I don’t know why, but having this exact description of my daughter down to a T, totally has me incredibly relieved – I finally know who she is, and everything makes so much sense now in the context of this condition.

Whereas before I had clues that pointed to different conditions, none of which seemed to fit and therefore confused me even more, I finally have something concrete to explain all my daughter’s behaviors, quirks and gifts.

I don’t feel like I’m in the dark anymore. I feel like I don’t have to explain/apologize to anyone for her behavior. I feel like I have confidence in knowing what she needs now, whereas before, other people would make me feel like she’s just manipulative or attention seeking. And even though I dismissed what they said initially, it would creep into my thoughts that well, maybe she *is* being manipulative and she *is* attention seeking. I know now she’s not. And it makes me tear up with having that clear picture I’ve been looking for.

Now, AFA the diagnosis part. I need to have a professional to confirm this. Mostly to have the diagnosis to arm myself against school administrators. They do reading in class and have assessments 4 times a year in Kindergarten! If she doesn’t talk during class, I’m going to have to get them to allow me to videotape assignments at home and have them review them at school. I can’t have that kind of special treatment without a diagnosis and a IEP or 504 plan in place. Accomodations may have to be made otherwise they will think she’s developmentally delayed. She’s so NOT! She’s so bright – besides the typical knowing of her alphabet, numbers to 100, colors, etc – she knows the names of the planets! She figured out that Stephen Grover Cleveland was the 22nd and also the 24th president of the US.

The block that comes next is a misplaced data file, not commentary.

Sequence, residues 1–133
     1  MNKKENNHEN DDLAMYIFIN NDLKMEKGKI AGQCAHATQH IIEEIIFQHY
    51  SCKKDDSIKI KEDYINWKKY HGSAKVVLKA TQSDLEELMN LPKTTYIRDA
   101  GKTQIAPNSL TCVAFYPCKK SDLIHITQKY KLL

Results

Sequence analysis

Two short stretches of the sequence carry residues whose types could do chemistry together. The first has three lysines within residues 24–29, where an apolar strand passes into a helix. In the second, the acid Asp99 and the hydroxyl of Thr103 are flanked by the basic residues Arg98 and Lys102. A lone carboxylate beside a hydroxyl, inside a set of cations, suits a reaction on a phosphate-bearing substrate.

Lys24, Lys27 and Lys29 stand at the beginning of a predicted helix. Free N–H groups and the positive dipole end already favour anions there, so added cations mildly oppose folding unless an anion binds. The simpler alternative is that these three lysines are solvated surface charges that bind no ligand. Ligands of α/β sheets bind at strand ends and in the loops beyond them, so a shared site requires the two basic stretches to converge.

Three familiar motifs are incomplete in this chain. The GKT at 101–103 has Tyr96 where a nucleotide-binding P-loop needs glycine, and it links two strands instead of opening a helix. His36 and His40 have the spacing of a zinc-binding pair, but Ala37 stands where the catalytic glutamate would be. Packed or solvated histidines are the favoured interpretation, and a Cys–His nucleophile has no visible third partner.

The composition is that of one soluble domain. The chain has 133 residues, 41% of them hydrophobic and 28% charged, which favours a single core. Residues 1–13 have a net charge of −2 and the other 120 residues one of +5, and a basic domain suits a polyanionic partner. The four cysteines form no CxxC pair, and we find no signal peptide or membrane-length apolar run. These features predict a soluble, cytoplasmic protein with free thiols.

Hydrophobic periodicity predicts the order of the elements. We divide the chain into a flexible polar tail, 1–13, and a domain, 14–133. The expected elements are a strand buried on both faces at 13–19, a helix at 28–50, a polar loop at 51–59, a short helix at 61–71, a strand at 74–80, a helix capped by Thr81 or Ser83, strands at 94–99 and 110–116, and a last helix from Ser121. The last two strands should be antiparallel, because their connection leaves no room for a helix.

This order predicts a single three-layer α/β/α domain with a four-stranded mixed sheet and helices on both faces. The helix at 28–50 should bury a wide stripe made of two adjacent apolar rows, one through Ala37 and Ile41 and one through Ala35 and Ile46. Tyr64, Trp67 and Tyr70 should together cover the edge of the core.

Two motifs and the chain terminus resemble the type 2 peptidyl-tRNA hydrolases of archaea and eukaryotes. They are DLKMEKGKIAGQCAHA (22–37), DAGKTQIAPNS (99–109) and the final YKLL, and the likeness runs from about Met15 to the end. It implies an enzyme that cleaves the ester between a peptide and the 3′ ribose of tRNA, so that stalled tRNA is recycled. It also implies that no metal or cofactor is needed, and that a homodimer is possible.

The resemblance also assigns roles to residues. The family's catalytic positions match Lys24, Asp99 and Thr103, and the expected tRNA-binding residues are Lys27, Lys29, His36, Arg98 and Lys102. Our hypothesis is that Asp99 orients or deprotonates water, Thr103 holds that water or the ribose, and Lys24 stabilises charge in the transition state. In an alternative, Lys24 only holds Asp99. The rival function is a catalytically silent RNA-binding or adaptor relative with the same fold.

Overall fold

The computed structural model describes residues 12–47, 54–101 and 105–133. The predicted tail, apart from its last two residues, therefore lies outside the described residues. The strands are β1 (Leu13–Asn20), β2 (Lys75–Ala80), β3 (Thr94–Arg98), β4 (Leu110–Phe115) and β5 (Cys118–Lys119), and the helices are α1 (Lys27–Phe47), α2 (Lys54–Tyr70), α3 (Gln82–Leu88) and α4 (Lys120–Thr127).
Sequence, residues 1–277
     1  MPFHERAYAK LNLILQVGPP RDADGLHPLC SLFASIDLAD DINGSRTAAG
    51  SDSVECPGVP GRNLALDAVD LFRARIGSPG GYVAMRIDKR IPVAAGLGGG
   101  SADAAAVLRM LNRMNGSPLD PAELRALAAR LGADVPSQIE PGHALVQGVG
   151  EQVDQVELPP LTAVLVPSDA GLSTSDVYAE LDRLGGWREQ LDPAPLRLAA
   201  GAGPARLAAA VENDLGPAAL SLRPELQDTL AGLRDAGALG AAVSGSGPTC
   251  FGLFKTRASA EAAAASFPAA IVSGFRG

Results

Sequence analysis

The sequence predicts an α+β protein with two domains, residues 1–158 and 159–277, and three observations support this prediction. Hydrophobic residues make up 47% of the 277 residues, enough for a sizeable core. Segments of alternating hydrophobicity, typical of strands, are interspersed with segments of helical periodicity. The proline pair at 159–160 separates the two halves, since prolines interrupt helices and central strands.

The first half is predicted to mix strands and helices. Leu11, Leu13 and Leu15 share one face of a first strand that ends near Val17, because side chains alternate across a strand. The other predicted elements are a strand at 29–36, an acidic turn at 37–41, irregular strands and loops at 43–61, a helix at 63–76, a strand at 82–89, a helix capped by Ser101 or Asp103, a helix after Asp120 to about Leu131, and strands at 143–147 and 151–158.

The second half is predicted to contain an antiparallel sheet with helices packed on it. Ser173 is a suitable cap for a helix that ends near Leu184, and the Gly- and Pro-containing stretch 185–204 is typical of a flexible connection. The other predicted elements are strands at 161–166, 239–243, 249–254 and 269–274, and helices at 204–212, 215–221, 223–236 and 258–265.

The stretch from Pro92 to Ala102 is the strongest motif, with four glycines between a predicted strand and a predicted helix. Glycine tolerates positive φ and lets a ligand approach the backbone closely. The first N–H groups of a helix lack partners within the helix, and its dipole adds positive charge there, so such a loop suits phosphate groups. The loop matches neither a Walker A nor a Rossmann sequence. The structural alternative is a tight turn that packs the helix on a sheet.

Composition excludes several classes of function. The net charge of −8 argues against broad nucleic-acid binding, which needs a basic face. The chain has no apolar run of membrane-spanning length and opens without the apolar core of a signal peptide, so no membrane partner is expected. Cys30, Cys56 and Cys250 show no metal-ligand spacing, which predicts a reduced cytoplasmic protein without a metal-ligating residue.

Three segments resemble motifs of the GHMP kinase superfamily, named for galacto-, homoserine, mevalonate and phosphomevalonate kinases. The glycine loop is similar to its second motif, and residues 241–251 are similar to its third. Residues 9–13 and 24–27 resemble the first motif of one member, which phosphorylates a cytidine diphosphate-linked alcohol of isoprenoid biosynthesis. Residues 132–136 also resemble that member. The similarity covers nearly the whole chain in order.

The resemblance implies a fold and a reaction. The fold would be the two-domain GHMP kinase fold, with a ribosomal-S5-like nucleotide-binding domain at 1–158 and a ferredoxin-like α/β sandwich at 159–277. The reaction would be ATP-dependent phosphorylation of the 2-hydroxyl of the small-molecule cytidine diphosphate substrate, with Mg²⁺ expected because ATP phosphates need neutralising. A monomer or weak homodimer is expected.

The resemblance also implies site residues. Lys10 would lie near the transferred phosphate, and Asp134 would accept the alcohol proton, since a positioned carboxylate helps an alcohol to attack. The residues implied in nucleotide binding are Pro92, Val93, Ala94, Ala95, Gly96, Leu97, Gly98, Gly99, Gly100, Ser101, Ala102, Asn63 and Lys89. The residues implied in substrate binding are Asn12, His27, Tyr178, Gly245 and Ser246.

There is no way this child is delayed, but the schools are going to be hard pressed to figure that one out if she doesn’t speak when they need to check her progress.

And actually, even though our relationship has been on the mend anyway, this is further softening my view of my daughter, and I’ve been even more deliberate in spending time cuddling with her. She’s been very responsive to that, of course.

Having this clear picture of who my daughter is has the added benefit of making me so much more sensitive to her needs. I’m so grateful to have found my way back to my beautiful daughter. And pish-tosh to anyone who has ever said to me, “you better put that child down before you spoil her too much”. I know now that keeping her close is exactly what this child needs to overcome her anxieties.

I hope, if you recognize your child to have more than typical anxieties, you will find it worthwhile to look into this for your family. The prognosis for early detection and therapies is supposed to be fantastic!